Scroll down for a short version of the recipe and the download.
This week I’m making Swedish meatballs. This is something that I had never tasted before, not even in an Ikea! So I looked up different recipes that may or may not be a good representation of the Swedish meatballs and I extracted my version out of it. But, tell me, when you’re looking at this video below, wouldn’t you say it doesn’t matter if it is representative or not? It looks crazy good! And it is crazy good too….
Make sure you get all the ingredients before starting. It is easier to work, when you only have to reach to get what you need! Don’t forget to wash your hands before cooking too.
For this recipe, we’ll start with the meatballs. As usual we’re using ciabatta, because that’s the bread we eat at this house. You tear it in pieces, put it in a small bowl and let it soak in milk. Make sure all the bread is covered in milk or at least touching the milk. Set aside while you are preparing the meatballs.
Grating or cutting?
Now we’ll cut the shallot as small as possible. As you’ll see on the video, you could also grate the shallot, but I don’t see the added value. Unless you want to rinse your eyes with a good cry, don’t grate anything like an onion. It is not worth it. It was as if the wrath of the onions an shallots had been released on me and it was horrible. In this recipe you can use a simple yellow onion too in stead of the shallot. It really depends on your taste.
Heat one tablespoon of olive oil in a pan. You have to wait until the oil is quite hot before adding the shallot. You can test the heat by putting in a small piece. When it “dances” and makes some noise, the oil is ready. Fry the cut shallot until they get slightly transparent, but not brown. Once they are done, set aside.
By hand or with a spatula?
Take a large bowl and combine the ingredients for the meatballs: the minced meat, the spices, and the egg. Before adding the bread, squeeze out the milk. If you’re not wearing an apron, watch out for streams of escaping milk! They get everywhere in between the fingers and the streams can go very far if you squeeze with enthusiasm. Then you can also add the shallots. If you find that they are too hot to add, you can wait for a moment and stir them so the heat can escape. Or you can already blend everything (especially the egg) and then add the shallot.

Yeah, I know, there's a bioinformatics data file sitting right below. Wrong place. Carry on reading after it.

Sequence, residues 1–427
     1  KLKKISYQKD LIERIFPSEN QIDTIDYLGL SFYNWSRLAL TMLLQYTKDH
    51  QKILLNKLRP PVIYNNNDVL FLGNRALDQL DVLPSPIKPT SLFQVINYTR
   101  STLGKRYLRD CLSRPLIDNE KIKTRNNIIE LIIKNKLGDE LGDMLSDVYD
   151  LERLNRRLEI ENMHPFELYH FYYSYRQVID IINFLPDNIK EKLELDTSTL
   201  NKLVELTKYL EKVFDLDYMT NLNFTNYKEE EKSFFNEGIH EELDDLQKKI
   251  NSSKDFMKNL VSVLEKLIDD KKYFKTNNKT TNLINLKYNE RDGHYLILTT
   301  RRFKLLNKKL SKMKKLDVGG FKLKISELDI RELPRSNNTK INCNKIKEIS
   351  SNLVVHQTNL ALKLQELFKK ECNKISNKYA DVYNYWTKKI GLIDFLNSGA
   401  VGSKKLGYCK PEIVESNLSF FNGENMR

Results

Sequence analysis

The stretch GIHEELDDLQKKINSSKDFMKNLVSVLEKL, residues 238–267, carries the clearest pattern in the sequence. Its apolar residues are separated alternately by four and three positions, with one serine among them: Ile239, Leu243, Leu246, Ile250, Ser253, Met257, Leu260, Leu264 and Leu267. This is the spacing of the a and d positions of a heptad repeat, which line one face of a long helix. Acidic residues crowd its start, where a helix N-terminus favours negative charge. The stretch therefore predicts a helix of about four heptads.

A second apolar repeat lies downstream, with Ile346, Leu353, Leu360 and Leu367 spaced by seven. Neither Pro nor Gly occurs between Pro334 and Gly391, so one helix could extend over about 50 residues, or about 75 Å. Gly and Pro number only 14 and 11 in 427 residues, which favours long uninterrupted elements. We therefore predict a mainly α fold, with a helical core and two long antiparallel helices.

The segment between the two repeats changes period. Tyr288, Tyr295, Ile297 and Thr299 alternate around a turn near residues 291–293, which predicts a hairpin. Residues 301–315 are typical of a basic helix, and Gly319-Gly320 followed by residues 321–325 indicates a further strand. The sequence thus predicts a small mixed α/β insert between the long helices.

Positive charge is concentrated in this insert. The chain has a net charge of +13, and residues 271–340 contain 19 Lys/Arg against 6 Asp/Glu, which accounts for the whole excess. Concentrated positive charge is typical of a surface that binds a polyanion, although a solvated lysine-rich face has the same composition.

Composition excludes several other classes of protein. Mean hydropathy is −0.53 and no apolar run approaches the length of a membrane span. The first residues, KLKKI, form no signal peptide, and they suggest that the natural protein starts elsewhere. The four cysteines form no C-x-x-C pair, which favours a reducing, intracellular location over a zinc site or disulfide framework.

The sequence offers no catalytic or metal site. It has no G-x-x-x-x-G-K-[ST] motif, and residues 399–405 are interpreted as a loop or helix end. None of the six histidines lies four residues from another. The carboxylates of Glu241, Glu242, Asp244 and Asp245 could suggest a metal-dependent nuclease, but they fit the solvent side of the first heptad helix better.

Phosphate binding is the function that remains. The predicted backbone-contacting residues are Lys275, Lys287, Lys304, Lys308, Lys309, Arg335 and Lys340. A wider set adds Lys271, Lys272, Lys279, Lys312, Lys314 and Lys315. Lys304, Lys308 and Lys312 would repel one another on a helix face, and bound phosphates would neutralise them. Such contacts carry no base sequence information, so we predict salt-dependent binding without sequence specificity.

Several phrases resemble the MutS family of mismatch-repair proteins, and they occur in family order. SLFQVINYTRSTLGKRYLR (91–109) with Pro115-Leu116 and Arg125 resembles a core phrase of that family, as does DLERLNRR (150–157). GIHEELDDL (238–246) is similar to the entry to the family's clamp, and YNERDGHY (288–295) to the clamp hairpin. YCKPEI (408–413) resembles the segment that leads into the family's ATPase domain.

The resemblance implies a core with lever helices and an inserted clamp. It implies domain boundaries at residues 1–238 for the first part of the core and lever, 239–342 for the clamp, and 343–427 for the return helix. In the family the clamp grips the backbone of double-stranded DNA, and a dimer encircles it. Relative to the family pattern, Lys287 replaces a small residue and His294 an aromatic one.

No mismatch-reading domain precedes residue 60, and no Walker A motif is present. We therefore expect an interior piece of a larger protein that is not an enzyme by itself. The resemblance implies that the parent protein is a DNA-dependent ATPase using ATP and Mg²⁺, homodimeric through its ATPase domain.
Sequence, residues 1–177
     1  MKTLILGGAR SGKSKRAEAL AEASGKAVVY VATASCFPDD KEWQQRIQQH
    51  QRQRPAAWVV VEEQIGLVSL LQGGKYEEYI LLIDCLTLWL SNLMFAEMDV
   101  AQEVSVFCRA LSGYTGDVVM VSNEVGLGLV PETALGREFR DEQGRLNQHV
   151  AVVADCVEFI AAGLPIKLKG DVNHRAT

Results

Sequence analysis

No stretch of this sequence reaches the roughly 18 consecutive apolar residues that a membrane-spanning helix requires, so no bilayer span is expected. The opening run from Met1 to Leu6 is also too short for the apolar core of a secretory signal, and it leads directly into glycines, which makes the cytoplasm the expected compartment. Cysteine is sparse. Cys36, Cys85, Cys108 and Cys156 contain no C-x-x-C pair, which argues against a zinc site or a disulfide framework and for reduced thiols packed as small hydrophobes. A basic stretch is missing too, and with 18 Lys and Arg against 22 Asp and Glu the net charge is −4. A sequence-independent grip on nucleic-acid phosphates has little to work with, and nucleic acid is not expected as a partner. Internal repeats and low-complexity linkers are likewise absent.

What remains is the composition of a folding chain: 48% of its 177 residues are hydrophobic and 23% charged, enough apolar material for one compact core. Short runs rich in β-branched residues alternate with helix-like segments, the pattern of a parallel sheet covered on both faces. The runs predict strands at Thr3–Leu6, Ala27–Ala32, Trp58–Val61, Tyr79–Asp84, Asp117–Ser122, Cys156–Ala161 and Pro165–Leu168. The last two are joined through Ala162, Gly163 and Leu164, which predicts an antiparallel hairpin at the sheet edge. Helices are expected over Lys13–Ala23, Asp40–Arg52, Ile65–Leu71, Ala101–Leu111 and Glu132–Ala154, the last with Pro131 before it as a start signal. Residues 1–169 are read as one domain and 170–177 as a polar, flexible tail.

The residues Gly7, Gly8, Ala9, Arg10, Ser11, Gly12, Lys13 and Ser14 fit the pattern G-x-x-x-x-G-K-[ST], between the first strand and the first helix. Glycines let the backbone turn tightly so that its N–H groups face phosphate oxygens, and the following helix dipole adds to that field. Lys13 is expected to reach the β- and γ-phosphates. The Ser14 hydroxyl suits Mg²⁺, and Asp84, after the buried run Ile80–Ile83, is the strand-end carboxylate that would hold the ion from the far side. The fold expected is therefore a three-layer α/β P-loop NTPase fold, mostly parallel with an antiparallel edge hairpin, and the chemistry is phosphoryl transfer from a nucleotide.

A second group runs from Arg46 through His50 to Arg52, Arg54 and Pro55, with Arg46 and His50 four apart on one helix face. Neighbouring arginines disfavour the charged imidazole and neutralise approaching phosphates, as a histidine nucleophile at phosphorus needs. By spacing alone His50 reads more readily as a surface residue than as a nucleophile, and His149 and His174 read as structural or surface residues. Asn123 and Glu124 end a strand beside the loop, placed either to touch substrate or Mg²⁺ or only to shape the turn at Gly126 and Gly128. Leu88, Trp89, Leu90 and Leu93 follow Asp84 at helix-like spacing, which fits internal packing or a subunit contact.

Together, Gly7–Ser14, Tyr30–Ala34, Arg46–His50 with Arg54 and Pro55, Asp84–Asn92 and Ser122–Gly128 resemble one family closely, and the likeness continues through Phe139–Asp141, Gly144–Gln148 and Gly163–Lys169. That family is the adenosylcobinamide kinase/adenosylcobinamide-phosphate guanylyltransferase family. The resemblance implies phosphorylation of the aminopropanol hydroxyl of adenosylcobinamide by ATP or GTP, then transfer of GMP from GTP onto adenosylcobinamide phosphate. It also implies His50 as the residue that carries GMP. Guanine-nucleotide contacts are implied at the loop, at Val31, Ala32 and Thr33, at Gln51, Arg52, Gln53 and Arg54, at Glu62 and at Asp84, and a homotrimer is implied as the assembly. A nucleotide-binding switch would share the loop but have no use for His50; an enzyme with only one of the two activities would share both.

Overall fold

Blending is the best by hand or if you don’t like the touch: a spatula. Never use any electric devices to blend the ingredients of the meatballs, as this may destroy the texture of the meat. By hand is very nice, as you get to feel the meat and get a better connection with it. You’ll start to understand it more. Not that it will tell you all it’s feelings, but you could get some insights in the different textures of the meat and other ingredients. It’s easier to make a mental connection and remember later if you should add more or less bread, spices the next time you make the recipe. (If you’d like it more or less spiced).
Baking the meatballs
Once the mix is more or less even, you start to make balls. Usually for the Swedish meatballs, the size is rather small, about 4 cm diameter per meatball. Of course, you could also make smaller or larger balls. Larger meatballs have less tendency to dry out, but they have to bake longer (in the oven).
When you’ve made all the meatballs, take the same pan you used for the onions and heat the oil and butter. When the butter is melted, put in gently the meatballs, without splattering the grease everywhere and bake the meatballs on all sides. Try to get them brown on all sides. It is not necessary to have them completely done, as they’ll go in the oven for some time and they’ll bake until done in there.